Study suggests children from divorced families in Singapore face ‘long-term divorce penalties’
Children from divorced families were less likely to obtain a university degree and likely to earn less.
A study from the Ministry of Social and Family Development (MSF) has suggested that children from divorced families faced long-term “divorce penalties” in adulthood compared to children from intact families.
The findings, released on Tuesday (Dec 8) by MSF, looked at the economic and marriage outcomes of about 9,000 Singaporeans with divorced parents, at the point when they turned 35 years old.
Using aggregated data derived from multiple sources of administrative and survey records, the study found that children from divorced families were less likely to obtain a university degree, earned less, had lower CPF balances, were less likely to marry and were themselves more likely to divorce among those who were married.
Minister for Social and Family Development, Mr Masagos Zulkifli, said of the study findings: “We now know the effects of divorce on a child are not temporary and impact the child’s future, his education and his family when he marries.
“This is why post-divorce, positive co-parenting is so important. At the same time, all of us can play our part. If we know someone whose marriage is suffering, do reach out and encourage him or her to seek help early. We may not only save that marriage, but also change the life of a child, for the better.”
MSF said it is now working with six appointed divorce support specialist agencies to provide specialised support to divorcing and divorced families. These agencies provide a range of divorce support services to help parents to co-parent better. It also helps children to manage the psycho-educational aspects of their parents’ divorce.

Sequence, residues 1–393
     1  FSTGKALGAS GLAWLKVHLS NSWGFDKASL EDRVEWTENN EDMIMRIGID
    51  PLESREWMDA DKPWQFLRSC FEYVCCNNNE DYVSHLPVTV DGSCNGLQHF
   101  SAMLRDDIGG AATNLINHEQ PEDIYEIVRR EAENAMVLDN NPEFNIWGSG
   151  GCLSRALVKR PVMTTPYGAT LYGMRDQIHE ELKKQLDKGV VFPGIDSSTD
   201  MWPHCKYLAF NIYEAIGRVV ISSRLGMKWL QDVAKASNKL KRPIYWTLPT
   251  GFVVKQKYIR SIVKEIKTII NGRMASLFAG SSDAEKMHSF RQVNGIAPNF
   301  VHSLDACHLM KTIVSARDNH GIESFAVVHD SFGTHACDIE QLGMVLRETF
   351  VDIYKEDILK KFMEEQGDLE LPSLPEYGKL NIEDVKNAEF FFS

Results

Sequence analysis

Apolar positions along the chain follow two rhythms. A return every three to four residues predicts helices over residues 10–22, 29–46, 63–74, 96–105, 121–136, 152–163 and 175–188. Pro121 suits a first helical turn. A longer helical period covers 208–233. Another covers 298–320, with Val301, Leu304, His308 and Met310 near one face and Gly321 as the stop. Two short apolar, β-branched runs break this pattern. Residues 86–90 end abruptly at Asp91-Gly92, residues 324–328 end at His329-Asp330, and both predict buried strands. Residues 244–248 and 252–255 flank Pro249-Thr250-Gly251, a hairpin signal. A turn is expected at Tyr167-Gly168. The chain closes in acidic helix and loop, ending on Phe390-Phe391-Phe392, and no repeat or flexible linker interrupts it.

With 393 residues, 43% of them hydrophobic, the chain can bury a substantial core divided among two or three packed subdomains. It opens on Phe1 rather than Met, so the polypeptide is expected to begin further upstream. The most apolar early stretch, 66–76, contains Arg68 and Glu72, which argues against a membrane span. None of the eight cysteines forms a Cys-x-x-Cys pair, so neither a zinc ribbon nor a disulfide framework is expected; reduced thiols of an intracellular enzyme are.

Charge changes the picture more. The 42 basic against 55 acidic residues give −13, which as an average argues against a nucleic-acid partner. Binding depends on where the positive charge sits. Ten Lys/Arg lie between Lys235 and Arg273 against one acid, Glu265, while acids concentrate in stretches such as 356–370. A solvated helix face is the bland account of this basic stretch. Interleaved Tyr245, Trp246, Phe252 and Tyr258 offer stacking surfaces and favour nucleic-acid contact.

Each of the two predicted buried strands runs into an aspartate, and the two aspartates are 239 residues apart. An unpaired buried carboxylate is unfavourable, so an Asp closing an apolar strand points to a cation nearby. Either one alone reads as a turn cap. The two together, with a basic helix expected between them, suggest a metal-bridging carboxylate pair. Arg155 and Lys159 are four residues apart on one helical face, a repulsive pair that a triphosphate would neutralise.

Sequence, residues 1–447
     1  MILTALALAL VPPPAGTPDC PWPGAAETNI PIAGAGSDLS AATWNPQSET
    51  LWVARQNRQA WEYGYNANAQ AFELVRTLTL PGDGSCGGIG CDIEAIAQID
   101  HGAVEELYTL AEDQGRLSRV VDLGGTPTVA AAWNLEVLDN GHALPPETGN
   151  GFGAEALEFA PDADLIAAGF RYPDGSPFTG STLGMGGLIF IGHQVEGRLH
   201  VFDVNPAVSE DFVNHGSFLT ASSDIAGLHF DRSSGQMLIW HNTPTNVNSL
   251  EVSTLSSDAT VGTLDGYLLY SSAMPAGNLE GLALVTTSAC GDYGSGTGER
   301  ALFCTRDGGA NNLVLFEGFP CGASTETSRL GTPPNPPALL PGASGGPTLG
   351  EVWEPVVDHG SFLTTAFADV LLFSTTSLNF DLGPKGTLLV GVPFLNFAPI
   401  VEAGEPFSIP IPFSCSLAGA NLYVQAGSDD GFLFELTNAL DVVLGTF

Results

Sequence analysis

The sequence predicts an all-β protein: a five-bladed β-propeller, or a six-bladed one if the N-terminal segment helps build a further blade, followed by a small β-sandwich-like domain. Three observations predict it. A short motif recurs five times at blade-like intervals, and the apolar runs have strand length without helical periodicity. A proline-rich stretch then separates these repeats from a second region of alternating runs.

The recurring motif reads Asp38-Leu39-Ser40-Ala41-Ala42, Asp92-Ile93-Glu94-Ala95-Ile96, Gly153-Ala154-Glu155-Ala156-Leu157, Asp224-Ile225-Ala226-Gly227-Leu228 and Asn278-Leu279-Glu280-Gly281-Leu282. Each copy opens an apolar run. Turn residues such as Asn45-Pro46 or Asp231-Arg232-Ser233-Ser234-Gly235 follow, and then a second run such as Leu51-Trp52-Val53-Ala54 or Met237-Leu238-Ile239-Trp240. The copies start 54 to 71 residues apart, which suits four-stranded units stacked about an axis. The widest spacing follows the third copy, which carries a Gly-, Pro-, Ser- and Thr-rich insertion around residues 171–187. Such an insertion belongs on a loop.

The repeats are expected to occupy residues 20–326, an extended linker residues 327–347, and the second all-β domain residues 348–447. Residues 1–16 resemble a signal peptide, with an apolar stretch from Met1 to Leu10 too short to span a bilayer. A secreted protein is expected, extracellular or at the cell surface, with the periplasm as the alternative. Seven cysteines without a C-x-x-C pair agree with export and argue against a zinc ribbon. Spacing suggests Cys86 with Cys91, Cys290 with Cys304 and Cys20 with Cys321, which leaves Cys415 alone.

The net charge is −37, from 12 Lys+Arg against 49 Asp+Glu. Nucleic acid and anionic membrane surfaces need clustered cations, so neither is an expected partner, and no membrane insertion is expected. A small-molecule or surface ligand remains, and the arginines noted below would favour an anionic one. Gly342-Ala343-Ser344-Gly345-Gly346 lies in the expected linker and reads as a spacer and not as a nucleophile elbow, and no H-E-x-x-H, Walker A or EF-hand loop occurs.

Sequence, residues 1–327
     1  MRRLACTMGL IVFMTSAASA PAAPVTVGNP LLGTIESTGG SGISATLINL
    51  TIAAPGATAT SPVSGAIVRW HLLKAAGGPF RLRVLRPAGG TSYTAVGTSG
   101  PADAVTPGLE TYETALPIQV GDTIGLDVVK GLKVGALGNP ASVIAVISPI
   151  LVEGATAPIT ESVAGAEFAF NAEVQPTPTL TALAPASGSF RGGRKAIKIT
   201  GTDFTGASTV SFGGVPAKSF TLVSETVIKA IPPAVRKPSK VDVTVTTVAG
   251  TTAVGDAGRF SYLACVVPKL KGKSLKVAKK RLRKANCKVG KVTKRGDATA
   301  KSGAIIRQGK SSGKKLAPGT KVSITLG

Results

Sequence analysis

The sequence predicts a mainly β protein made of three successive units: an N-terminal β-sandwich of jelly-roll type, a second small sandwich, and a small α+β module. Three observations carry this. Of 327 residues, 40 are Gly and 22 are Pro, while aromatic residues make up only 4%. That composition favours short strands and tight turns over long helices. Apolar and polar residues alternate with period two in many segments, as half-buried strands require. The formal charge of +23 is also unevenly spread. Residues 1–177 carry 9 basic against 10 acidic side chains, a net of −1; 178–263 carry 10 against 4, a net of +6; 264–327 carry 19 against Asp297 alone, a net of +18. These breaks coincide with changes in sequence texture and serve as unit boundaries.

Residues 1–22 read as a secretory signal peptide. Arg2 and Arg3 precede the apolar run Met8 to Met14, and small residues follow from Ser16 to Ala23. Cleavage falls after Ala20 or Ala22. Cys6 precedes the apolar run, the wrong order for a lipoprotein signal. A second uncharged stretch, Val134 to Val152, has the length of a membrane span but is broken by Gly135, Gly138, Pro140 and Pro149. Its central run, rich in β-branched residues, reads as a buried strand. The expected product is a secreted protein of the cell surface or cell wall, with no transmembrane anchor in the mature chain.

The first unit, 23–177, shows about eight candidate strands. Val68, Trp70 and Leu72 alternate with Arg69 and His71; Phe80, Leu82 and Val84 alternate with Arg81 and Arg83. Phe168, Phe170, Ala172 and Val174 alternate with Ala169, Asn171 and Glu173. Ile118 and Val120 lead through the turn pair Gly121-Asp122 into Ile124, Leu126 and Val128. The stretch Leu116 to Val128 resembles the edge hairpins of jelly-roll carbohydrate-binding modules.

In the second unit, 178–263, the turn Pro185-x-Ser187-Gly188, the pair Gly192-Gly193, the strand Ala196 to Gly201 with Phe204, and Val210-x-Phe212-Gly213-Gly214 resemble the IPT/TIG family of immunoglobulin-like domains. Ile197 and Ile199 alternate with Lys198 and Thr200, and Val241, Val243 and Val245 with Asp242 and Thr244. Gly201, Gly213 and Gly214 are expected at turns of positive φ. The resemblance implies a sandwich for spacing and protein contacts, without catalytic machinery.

For Muslim couples planning to seek a divorce, they will be required to attend the mandatory Marriage Counselling Programme (MCP) run by the Syariah Court in partnership with community agencies. MCP aims to effect a reconciliation but if the marriage cannot be saved, the counsellors will facilitate an amicable divorce instead.
Couples who would like to seek help for marriage, parenting and divorce issues can contact the CPH Online Counselling. A two-year pilot programme conducted by the Community Psychology Hub (CPH) and supported by MSF that was launched in April 2020, it offers free online counselling to persons facing marital, divorce and parenting issues.
Counselling is provided by professional counsellors through live chats or email, which offers anonymity and convenience to those needing counselling support. Couples who prefer face-to-face counselling may also approach counselling centres or Family Service Centres in the community for support.
MSF is also working closely with its community partners to strengthen marriage and support families at various life stages through various programmes.
The ministry added that it has worked with community and religious organisations to train 215 individuals, including marriage solemnisers, as Marital First Responders (MFRs).
These are members of the community who provide basic marriage support to couples with marital issues and refer them to professional services where needed. MSF will continue to train more MFRs to expand the pool and render support to couples in need.